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Thaï meridians : Sensip

The Institute of Alternative and Traditional medicines at the Thailand Department of Health has published
numerous documents based on over thirty years of research, which conclude that :
«1- Sensip are energy lines which follow muscular-tendon lines.
  2- The primary aim of working on sensip is to release myofascial tensions.
  3- Specific clinical studies have demonstrated the efficacy of certain Nuad Boran manipulations, when performed  by qualified practitioners.» 
As far back as memory goes, Thaïs have been rice growers and irrigators. Their mode of thinking is concrete. Is a strip of rice field drying out? An upstream canal gate is opened. If water is too stagnant, a downstream water-gate is opened. They know to conserve their energy for the long run.

The domain of Nuad Boran includes all ‘sensip’ which need to be irrigated by moving liquid elements. Once a good circulation of ‘sen’ has been reestablished, Thaïs trust the body’s capacity for self-regulation, just as they trust plants to grow as soon as they are well irrigated. Land has been cultivated during centuries by repeatedly plowing back and forth furrows. This is the root concept Thaïs apply when working on ‘sen’: one follows the tendon-muscular lines all the way up and down. Muscular fibers are ploughed along the myofascial lines that are instinctively identified because the practitioners have seen their elders doing so, because palpation makes it easy to locate these lines and because the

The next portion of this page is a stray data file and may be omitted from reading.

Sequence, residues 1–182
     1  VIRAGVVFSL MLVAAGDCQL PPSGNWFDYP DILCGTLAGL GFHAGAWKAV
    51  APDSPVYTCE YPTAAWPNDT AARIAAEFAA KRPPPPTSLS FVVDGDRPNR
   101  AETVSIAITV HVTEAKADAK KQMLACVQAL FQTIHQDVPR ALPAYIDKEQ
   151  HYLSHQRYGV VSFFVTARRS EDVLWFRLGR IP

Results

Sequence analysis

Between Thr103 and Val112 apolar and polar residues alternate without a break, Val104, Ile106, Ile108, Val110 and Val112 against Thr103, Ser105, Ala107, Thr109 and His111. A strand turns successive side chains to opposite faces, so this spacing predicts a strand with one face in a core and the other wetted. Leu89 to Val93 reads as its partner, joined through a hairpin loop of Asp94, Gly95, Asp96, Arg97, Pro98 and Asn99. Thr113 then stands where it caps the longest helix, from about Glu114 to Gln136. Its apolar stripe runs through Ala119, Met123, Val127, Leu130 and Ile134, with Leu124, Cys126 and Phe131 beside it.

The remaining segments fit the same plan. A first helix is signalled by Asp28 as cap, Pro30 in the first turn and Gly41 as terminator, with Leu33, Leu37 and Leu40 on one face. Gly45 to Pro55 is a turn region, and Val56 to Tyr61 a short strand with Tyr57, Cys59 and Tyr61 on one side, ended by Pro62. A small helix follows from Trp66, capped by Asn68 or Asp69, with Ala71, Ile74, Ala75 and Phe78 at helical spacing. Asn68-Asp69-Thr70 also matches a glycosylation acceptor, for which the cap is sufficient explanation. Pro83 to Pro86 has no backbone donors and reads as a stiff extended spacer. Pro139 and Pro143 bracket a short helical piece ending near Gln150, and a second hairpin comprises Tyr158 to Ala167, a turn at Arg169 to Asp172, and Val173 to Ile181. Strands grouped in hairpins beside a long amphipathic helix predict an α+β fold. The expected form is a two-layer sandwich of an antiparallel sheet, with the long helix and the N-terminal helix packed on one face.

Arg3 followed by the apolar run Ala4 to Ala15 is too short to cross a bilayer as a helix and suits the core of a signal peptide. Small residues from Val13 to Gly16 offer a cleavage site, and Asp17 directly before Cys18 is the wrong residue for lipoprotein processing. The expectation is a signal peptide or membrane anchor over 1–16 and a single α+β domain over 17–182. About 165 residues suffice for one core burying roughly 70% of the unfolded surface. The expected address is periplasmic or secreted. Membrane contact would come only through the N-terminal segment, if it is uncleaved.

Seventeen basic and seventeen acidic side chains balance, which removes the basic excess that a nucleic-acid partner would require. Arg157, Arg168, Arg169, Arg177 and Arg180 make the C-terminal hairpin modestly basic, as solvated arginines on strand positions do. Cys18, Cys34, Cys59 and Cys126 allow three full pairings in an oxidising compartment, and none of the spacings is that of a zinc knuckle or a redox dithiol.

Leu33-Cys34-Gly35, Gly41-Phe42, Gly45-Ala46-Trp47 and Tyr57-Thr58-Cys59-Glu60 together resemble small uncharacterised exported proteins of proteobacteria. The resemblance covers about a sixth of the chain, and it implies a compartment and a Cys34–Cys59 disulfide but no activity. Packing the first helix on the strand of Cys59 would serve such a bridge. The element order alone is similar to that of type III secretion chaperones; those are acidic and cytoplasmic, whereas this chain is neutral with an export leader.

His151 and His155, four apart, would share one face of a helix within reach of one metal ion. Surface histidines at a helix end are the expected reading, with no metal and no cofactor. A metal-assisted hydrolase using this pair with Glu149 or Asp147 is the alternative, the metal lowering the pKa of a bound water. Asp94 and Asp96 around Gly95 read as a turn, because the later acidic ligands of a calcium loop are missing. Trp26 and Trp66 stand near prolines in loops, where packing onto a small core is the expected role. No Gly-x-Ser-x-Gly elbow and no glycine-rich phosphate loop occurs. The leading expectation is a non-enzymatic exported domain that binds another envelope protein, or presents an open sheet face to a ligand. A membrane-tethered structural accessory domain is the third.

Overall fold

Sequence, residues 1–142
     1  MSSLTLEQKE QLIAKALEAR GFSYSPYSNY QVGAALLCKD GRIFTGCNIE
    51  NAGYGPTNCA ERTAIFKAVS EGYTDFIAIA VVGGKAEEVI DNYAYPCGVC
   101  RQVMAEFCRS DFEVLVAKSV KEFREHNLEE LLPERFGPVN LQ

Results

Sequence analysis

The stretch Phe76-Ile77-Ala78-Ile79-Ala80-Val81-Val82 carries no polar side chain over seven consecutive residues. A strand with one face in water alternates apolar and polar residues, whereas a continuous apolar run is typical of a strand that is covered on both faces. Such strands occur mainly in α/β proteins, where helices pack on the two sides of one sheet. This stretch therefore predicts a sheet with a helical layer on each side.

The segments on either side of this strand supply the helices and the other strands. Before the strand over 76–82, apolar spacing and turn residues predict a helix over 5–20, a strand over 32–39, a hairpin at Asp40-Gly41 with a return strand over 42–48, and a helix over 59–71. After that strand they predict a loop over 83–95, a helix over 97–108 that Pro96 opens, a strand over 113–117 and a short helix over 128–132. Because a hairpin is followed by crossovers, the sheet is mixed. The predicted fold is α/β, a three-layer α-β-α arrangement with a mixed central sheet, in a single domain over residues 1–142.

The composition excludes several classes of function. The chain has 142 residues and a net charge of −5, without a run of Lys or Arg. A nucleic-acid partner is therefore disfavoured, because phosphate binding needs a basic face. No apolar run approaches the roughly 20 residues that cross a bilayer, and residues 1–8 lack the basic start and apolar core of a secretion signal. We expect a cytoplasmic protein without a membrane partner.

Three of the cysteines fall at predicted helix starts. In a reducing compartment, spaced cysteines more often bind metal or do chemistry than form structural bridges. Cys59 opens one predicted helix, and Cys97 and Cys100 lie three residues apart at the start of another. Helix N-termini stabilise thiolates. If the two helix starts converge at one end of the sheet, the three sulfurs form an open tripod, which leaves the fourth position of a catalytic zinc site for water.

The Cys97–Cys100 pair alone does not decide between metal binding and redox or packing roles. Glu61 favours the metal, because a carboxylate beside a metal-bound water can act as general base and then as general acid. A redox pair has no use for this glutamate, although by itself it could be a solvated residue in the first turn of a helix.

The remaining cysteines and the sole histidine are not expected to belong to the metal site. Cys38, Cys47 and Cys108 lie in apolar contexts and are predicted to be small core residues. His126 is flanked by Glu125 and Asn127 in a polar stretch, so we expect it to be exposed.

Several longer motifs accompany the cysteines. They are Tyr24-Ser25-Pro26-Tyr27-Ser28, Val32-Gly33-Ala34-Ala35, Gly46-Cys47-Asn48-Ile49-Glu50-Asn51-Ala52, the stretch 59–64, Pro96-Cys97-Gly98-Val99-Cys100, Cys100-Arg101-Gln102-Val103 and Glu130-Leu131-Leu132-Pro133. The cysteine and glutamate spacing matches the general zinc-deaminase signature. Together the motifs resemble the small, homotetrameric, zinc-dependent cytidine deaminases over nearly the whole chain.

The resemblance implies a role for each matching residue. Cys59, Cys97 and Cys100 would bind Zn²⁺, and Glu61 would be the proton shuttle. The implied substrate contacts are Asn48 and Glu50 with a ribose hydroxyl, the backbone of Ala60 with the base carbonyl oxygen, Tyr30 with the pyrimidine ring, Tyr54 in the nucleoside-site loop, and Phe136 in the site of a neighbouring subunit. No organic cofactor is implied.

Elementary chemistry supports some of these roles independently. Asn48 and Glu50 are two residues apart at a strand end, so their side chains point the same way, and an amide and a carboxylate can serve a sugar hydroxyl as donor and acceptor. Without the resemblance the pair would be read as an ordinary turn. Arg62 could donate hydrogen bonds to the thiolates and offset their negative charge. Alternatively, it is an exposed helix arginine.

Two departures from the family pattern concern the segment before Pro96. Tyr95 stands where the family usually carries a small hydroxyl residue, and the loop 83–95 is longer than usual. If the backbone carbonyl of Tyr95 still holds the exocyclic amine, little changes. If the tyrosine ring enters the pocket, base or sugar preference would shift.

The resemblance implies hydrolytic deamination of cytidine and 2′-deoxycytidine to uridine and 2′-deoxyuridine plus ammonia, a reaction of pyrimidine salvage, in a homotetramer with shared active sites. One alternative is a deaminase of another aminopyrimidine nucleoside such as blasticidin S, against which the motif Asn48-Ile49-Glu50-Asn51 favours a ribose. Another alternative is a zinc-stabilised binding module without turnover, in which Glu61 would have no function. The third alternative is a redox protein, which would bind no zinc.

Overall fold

physical condition of the treated patients improves spectacularly.

The most similar approach to the work on Thaï lines is that of Chinese medicine. In addition to the twelve main lines used in acupuncture, there are associated tendon-muscular lines (jing-luo) which run through the whole body following networks which are very similar to ‘sensip’. In Chinese medicine however, these paths are not meant for
acupuncture, but for mobilization and muscular pressure preceded by search for the causes.

The Thaï viewpoint depends on tangible effects. Anticipating the felt affect and a sort of « muscular empathy » are both part of an ancestral instinct accumulated from one generation to another which give Thaï bodywork its own characteristics.

Nuad Boran works on tendon lines which are similar to Chinese muscular lines while adding the specific Thaï style:
rhythms originating in Theraveda Buddhism - diffuse implicit kindness (Mitta) in treating affects and clever integration of gravitational effects to attain greater results with less effort.

Dr Pennapa Subsharoen, President of the Institute of Alternative and Traditional Medicine in Thaïland has inspired much experimental research on the efficacy of NB. She is also a member of the consultative Committee for evaluation of traditional medicines at the World Health Organization. Ms. Susharoen, member of a family of traditional Thaï doctors and a medical doctor herself, graduated from the University of Songla to become a doctor in Public Medicine with a thesis on the traditional Thaï health system. In defining sensip work, she writes: (It is) « To feel the muscles the length of the disturbed lines and healing by applying pressures of varying intensity which brings back harmony ».